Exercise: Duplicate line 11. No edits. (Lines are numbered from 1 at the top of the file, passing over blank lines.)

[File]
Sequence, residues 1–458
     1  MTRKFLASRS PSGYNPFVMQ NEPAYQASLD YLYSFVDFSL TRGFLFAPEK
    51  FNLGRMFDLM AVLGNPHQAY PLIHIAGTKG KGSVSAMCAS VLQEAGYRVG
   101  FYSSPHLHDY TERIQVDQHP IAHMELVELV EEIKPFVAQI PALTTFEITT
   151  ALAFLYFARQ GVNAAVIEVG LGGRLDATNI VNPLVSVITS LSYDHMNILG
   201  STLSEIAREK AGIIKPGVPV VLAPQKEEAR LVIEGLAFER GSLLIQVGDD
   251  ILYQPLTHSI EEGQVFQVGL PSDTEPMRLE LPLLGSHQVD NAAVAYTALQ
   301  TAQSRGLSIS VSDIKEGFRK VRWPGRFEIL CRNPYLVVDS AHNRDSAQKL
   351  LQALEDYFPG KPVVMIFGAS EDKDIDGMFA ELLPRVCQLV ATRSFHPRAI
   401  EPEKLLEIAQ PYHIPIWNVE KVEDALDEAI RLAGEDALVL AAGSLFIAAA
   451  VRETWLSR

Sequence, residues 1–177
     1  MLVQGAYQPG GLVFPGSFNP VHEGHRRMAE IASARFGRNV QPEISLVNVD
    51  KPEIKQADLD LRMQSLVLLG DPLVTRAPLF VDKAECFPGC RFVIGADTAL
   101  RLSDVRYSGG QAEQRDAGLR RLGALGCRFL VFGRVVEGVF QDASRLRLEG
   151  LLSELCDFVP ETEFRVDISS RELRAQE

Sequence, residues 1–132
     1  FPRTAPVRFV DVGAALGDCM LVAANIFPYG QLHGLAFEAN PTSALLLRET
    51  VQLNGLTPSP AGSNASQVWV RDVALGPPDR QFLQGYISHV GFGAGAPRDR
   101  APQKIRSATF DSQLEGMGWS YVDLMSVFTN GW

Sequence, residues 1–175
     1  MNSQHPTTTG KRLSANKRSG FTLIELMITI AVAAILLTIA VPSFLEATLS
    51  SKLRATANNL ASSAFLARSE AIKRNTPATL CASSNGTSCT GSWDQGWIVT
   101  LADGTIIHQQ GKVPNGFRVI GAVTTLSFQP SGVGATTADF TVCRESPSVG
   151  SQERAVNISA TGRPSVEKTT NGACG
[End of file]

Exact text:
   451  VRETWLSR